OSLO (Reuters) - Some white storks have taken to spending the winter in rubbish dumps eating garbage rather than making the usual, exhausting journey south across the Sahara, scientists said on Friday.
The lure of landfills is a new sign of how human influences, ranging from climate change to pollution, disrupt migratory routes for animals from turtles to elephants, they said.
Tracking juvenile white storks in countries from Spain to Uzbekistan, they found that some from Germany, for instance, spent the winter at landfills in Morocco rather than completing the traditional migratory route to sub-Saharan Africa.
Some adult birds spent the winter in Spain or as far north as Nordic nations.
“The storks use less energy and it seems they are benefiting” by abandoning migration, lead author Andrea Flack, of the Max Planck Institute for Ornithology, said of the findings published in the journal Science Advances.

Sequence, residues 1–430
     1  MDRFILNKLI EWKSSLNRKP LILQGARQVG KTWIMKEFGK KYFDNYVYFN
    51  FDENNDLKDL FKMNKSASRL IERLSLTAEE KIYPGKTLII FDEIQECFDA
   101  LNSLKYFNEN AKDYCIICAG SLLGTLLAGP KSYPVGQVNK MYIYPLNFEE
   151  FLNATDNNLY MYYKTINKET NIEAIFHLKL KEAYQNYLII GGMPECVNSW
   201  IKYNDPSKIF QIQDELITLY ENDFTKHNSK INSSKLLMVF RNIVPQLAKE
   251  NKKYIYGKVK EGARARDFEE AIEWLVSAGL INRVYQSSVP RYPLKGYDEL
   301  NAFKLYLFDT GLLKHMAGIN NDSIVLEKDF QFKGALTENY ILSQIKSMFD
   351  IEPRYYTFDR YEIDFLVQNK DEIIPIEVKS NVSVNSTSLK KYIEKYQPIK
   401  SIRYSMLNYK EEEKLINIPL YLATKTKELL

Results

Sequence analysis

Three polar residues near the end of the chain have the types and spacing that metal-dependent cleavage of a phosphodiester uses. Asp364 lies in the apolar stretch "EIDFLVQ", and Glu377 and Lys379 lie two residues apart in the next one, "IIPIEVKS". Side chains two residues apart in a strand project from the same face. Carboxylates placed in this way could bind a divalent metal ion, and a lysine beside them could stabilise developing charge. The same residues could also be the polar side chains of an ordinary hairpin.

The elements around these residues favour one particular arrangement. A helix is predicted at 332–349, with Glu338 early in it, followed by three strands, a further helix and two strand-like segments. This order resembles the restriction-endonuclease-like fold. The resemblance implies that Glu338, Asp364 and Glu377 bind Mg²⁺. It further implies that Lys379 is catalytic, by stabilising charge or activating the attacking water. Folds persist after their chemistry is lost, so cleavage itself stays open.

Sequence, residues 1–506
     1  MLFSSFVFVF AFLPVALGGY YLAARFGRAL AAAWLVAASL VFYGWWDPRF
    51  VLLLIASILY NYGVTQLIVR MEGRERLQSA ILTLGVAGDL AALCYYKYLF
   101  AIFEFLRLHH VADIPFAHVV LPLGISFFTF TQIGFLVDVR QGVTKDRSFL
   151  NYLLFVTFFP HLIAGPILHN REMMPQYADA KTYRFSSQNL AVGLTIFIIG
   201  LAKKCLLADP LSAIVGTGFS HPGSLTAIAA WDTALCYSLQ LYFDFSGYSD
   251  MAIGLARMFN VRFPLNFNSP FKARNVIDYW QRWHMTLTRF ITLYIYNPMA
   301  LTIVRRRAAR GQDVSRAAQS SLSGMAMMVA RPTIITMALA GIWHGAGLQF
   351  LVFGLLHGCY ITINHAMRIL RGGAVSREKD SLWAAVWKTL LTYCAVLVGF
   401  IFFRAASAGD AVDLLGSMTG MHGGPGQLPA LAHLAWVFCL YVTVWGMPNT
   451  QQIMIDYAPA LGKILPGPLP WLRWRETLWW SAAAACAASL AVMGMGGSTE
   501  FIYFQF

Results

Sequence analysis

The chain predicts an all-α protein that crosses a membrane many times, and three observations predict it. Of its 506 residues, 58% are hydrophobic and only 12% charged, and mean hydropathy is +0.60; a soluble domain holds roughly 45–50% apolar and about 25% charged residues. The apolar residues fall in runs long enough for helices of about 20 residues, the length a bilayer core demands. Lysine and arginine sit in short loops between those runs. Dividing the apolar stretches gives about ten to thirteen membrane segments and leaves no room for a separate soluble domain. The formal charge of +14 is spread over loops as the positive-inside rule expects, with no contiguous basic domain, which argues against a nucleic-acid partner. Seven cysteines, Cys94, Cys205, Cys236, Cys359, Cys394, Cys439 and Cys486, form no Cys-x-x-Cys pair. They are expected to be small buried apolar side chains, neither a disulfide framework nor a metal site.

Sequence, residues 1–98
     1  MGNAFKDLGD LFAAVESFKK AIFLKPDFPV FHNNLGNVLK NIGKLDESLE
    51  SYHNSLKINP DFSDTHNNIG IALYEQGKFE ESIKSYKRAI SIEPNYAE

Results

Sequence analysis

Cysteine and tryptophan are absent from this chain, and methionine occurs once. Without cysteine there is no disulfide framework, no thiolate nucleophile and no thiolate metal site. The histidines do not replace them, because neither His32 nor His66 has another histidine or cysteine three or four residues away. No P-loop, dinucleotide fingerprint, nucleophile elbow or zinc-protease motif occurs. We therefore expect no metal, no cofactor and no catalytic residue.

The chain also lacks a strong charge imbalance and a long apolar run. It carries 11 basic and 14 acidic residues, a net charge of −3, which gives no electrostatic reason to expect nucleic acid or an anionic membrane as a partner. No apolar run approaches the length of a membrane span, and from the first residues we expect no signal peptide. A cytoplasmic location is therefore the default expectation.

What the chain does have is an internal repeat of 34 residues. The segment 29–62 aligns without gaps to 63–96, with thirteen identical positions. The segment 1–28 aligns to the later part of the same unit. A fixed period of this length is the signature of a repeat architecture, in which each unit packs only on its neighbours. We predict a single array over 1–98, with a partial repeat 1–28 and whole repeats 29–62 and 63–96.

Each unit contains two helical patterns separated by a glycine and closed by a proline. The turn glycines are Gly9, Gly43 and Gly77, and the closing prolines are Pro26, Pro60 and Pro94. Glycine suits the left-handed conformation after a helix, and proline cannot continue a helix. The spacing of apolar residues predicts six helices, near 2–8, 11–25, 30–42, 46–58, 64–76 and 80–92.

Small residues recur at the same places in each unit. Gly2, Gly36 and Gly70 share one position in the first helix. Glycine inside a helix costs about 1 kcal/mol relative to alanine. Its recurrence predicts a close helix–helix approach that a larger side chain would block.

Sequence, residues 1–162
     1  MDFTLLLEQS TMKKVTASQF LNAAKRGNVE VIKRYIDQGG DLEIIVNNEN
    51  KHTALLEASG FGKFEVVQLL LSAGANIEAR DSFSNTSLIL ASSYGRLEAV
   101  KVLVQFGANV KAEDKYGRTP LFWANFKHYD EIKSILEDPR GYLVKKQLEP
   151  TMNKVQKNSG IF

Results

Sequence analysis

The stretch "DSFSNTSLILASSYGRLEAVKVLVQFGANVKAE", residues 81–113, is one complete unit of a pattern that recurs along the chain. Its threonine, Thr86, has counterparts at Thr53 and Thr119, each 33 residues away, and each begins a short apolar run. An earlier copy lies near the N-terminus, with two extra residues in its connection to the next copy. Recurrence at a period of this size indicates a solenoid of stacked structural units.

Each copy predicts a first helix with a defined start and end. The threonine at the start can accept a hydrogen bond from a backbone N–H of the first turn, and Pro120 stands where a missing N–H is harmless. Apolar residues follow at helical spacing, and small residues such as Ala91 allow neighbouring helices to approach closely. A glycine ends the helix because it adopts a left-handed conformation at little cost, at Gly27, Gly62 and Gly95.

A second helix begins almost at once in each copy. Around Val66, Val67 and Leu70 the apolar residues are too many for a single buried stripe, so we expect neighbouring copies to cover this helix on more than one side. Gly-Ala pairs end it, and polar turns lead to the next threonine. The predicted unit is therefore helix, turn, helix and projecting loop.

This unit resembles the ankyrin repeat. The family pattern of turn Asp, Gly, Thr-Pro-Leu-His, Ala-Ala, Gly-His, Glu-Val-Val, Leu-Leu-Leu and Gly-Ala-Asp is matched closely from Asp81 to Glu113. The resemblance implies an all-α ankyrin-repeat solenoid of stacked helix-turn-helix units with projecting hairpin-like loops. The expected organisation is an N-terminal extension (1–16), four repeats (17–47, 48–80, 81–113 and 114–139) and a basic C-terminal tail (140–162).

In Uzbekistan, easily available food from man-made fish farms may have led to some birds staying put in winter, rather than flying south to Pakistan or Afghanistan, the scientists said.
They tracked juvenile birds, born in countries including Armenia, Greece, Poland, Russia, Spain, Germany and Tunisia and Uzbekistan, by fitting them with satellite tracking devices. The majority flew all the way to Africa in winter.
Many other migratory species face problems from man-made factors including dams, roads, forest clearances and wind turbines that can kill birds that fly into their blades.
“A whole suite of impacts is disturbing migration,” said Jean-Christophe Vie, of the IUCN (International Union for Conservation of Nature) which groups governments, scientists and environmentalists. “Climate change is one of the key factors.”
Editing by Louise Ireland
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